Pascal Richard ~ UCI Round 6
The back end of August saw a trip to Switzerland for the Pascal Richard.
The first "professional" Olympic Champion at Atlanta in 1996.
This event takes place in and around Bulle; which really is chocolate box country. How can the countryside be so clean?
As with all of these UCI GoldenBike events the organisation is terrific and the goody bags just keep getting better and better.
Ville En Fete
The start takes place in the town square, where the night before they had some fantastic kids races.
The whole town enters in to the carnival atmosphere with side shows, bands, food tents and everything else you could imagine for a family-based, end of summer party.
Preparation is Everything
Seven-thirty next morning I'm up for breakfast. It seems most of the others at the hotel, only a kilometre from the start, are also there for the race. Just as we finish the ubiquitous continental breakfast the chef brings out a massive bowl of pasta. What a star.
After all the usual pre-ambles from the local dignitaries, and the photo's for the next morning's paper, we're off. Riding at a steady 30 kph, through the neutralised section. Which is 20k to the foot of the first climb the Col du Mosses at Chateau d'Oex.
Everyone tries to get to the front and somehow I find myself on the bumper of the Commisaire's car.
Four riders either side of me and 2,500 behind. What a feeling. Then the Commisaire, standing Jean-Marie Leblanc style out the roof, starts talking to me. I apologise for being English and he say's something I can't hear.
I can't hear because of the helicopter overhead doing low passes to take film shots for the video of the race. This is just like the real thing!
We get to the climb. Mr UCI waves his Swiss flag and accelerates off in a haze of diesel.
Like scalded rabbits they follow.
Me? I go backwards. I'll get them on the descent.
As we climb I grab the wheel in front of me. This fella is quite quick but erratic, he has no rhythm, he's beginning to annoy me.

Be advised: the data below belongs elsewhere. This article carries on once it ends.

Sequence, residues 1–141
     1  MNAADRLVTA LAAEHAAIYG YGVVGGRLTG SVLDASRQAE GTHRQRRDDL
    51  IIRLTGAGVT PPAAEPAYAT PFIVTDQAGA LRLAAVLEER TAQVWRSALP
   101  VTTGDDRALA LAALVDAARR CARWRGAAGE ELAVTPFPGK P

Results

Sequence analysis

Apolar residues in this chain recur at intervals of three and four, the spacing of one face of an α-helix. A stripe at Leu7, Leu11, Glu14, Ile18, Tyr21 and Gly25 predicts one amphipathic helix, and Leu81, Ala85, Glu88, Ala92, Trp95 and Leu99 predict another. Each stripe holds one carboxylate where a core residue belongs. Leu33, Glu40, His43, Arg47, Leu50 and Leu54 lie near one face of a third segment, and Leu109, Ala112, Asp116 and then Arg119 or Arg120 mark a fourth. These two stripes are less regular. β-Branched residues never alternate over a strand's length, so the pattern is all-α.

I know if I go past I'll blow. If I stay where I am I'll be distracted. Just as we near the top he tires and I draw level.
He's only got one arm! He gives a smile, I give a wave (which wasn't the most tactful thing to do) and realise I've been an arse. I'll never complain again; I promise.
So it's straight off the Mosses and head for the Pillon. The roads are as you would expect in Switzerland. Billiard table smooth and totally predictable. I descend without a care in the world then I remember my one armed friend. So how does he get round these hairpins?
I hear a photographers motorbike coming up behind me. I wake up and jump on.
We scream down the mountain, I get through on the bends and he gets me on the straights. We pass other cyclists and come up behind a Commisaire's car.
The photographer dutifully sits behind as I pass on the outside as we brake for a mild corner. I can see the driver tut-tutting but I don't let it distract me. The car follows me for another kilometre or so then I don't see him again until the run in to the finish.
Now comes the second 1,500 metre climb and the 10% haul to the Glacier Station. It's hot, it's steep and it's in the middle of nowhere. And I mean nowhere. So why are people standing at bus stops? I don't dwell on this conundrum as I concentrate on getting to the station and the feed stop.
Once over the top and refreshed it's another perfect downhill to Gstaad, A league of nations type group forms and we all head for the Col du Jaun through some of the prettiest, and tidiest, countryside you'll ever see.
To get to the Jaunpass you also have to climb some of the steepest. A monster climb rises from nowhere to the clouds, through bend after bend.
When you look up all you see is more mountain. When you look down all you see is valley, hairpins and cyclists.
Home is the other side. As our musical friend once said/sang; "the only way is up".
Once again I climb the last mountain exhausted. Then once again I find energy from somewhere to scream to the finish.
It's all over in five and a bit hours and it only seems like a two hour race back home. I finish happy and I'm ready for lunch. Not too tired; just right.
A big bloke walks past and says well done. "Maybe I'll see you later". He's either mistaken me for someone he knows, or knows something I don't. It's the latter.
Dianne, who three months previous, never even had a bike, has ridden her first event. A 45k flat cyclosportive, see below for profile. Well as flat as anything can be in Switzerland.
Anyway, she made it around, never got off on the hills and finished with the leading groups after the first climb sort out. She used all her gears but then so did I. It was a defining moment.
Our new found friend heard her "English" voice and started speaking to her about the race. She said she'd already finished and was waiting for me.
She then explained that we're doing all of the UCI events except for the South African race. He thought that was a shame because he was the organiser!
He lived in Switzerland and worked for the UCI at Aigle. He said he hopes to see us there next year! This is a good event, he said but wait till you see 35,000 riders on the road. It must be quite a sight.
Anyway, our next stop is the final round, The Rider Man in Germany's Black Forest